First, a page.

REPORT Nº 52/99
1. Between April 24, 1990 and September 16, 1992, the Inter-American Commission on Human Rights (the "Commission) received petitions denouncing that the Republic of Peru ("Peru" or "the State") had violated the rights of Raúl Zevallos Loayza, Víctor Padilla Luján, Nazario Taype Huamani, Modesto Huamani Cosigna and Rubén Aparicio Villanueva Toro, as they had been arbitrarily arrested by soldiers of the Peruvian Army in the Department of Huancavelica, and had then been disappeared. The petitioners allege that, as a consequence of the said disappearances, the State violated the right to life and other rights of the above named victims, which are guaranteed in the American Convention on Human Rights (the "Convention).1
2. Raúl Zevallos Loayza was 26 years old and married to Anastacia Diaz Bautista. They lived in the Province of Angaráes in the Department of Huancavelica. Their home had been searched several times by soldiers of the Peruvian Army, who had taken animals and money on one of these occasions. Mr. Zevallos Loayza worked for a mining company in Lircay, and his work related to electricity posts.
3. Victor Padilla Luján was 24 years old and from the community of Tranca; he worked as a laborer. In September 1989, he had been arrested and subsequently liberated.
4. Nazario Taype Huamani was from the community of Tranca and worked as a laborer.
5. On March 20, 1990, when Mr. Zevallos Loayza was on his way home, he was intercepted by four elements of the Peruvian Army, in the presence of witnesses. The soldiers arrested him and took him to the Lircay Military Base.
6. On March 25, 1990 at about 9:30 a.m., Víctor Padilla Luján and Nazario Taype Huamani were in the main square of the city of Lircay, together with other local residents, during a flag-raising ceremony carried out by the Political-Military Command. At that time, Mr. Padilla Luján and Mr. Taype Huamani were arrested by soldiers of the Peruvian Army, commanded by P.A. Lieutenant Jorge Delgado Granados, and subsequently transferred to the Lircay Military Base.
7. The following day, March 26, 1990 at 3:30 a.m., the victims were transferred to the Huancavelica Military Base in a truck owned by a man named Candiotti, who provided transportation services to the soldiers.
8. The families of Mr. Raúl Zevallos Loayza, Mr. Víctor Padilla Luján and Mr. Nazario Taype Huamani took various measures before the local and national authorities to try and locate the victims and obtain their liberation. For most of these actions they were assisted by the non-governmental organization APRODEH. Among the measures taken, Raúl Zevallos Loayzas wife, Anastacia Diaz Bautista, denounced the disappearance of her husband to the Huancavelica Provincial Prosecutor for civil and criminal cases.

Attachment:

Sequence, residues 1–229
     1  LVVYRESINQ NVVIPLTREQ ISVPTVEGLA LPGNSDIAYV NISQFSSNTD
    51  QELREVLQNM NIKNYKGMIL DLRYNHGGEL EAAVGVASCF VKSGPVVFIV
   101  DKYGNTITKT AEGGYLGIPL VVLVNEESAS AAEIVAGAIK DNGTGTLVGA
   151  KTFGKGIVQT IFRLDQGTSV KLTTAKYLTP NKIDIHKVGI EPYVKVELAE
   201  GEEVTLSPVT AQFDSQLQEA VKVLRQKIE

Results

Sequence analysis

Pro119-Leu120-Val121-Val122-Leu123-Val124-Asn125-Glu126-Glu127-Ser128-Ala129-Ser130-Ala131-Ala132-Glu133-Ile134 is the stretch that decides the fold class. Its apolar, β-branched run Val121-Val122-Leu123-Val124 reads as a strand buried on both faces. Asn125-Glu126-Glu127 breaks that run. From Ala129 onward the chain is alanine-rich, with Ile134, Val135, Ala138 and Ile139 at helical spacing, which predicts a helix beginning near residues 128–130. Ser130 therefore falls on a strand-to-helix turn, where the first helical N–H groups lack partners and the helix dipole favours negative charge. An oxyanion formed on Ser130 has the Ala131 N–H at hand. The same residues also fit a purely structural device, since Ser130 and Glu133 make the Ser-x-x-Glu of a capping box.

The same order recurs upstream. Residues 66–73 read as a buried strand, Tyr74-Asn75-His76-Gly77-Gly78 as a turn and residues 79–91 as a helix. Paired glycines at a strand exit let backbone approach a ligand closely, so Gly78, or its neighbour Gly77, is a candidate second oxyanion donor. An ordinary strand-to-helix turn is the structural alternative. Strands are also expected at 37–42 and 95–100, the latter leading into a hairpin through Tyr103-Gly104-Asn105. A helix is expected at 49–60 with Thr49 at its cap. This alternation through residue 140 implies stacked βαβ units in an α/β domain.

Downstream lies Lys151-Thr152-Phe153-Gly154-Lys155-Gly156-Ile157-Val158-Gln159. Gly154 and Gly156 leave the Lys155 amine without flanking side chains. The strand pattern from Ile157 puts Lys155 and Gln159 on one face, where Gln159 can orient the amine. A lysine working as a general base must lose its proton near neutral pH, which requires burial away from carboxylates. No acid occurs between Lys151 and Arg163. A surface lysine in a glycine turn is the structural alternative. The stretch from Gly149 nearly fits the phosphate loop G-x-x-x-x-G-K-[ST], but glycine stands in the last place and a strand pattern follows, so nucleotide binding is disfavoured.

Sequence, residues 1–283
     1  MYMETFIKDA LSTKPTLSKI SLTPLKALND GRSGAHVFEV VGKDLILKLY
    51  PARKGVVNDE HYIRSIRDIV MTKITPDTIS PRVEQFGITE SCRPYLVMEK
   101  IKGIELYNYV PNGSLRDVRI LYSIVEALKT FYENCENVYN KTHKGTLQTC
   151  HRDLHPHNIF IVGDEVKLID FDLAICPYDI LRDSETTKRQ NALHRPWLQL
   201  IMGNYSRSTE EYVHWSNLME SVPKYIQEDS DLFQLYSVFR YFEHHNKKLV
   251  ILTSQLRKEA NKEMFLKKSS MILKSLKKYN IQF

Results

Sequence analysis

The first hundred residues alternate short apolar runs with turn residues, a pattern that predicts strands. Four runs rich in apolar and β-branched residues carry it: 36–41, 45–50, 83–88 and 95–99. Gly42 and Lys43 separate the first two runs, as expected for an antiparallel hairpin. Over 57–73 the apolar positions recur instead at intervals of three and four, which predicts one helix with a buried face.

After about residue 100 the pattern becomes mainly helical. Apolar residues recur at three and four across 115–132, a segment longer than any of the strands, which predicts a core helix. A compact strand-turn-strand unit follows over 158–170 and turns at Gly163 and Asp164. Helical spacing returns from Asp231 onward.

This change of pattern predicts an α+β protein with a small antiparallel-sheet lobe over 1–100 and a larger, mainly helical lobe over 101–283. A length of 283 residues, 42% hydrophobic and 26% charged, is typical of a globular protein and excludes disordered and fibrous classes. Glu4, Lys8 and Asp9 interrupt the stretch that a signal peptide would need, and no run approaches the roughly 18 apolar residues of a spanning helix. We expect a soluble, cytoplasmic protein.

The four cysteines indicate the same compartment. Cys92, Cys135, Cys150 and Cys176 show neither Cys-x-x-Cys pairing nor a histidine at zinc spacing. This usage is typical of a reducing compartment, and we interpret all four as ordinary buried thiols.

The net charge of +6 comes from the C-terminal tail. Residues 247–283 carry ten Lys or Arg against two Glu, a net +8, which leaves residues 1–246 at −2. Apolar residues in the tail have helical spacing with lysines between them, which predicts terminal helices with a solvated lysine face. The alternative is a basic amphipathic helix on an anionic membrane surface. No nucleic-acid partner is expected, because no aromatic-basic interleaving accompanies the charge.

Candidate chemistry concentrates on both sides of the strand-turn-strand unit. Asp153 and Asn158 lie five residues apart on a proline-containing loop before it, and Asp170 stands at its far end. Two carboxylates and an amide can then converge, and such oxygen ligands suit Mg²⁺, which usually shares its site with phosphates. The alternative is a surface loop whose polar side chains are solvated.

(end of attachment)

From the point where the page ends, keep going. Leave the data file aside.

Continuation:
9. The events were also denounced to the Senior Chief Prosecutor of Huancavelica. Likewise, measures were taken before Colonel Luis Paz Cárdenas, Political-Military Head in Huancavelica. Despite all these actions, the victims never appeared.
10. On April 26, 1990, the Commission opened the case and forwarded the relevant parts of the complaint to the Peruvian State requesting information on the facts that had been denounced. The State replied on November 18, 1991. On January 3, 1992 the Commission decided to combine this case with case 10.813, which referred to the same events with regard to two of the victims.
11. On June 25, 1998, both parties were requested to update the Commissions information on the case and were told that the Commission placed itself at their disposal to try and reach a friendly settlement of the matter. On August 6, 1998, the State confirmed its previous arguments, questioned the admissibility of the case and stated that it did not consider it appropriate to initiate a procedure for friendly settlement. The petitioner did not reply within the specified time.
12. The State maintains that the victims were not arrested by military personnel.
13. Modesto Huamanga Cosigna was 48 years old and married to Mercedes Leiva. The couple had eleven (11) children. Mr. Huamanga Cosigna worked as a guard at a farm called Accoylla and supported his whole family. He was a man of acknowledged honesty who had never been involved in any kind of illegal activity.
14. On March 17, 1990, while Mr. Huamanga Cosigna was in his home with his wife and children, a Peruvian Army patrol, from the Julcamarca Military Base, burst into the family home and proceeded to arrest Mr. Huamanga Cosigna. His wife and children were left completely destitute, both morally and economically.
15. The motive for the arrest appears to have been a claim brought by a member of the community, named Brígida Salas, according to which, presumed "subversives" had stolen some of her cattle. Unfortunately, one of the stolen cows was found near the farm where the victim worked. On this basis, he was first accused of cattle stealing and then of being a terrorist.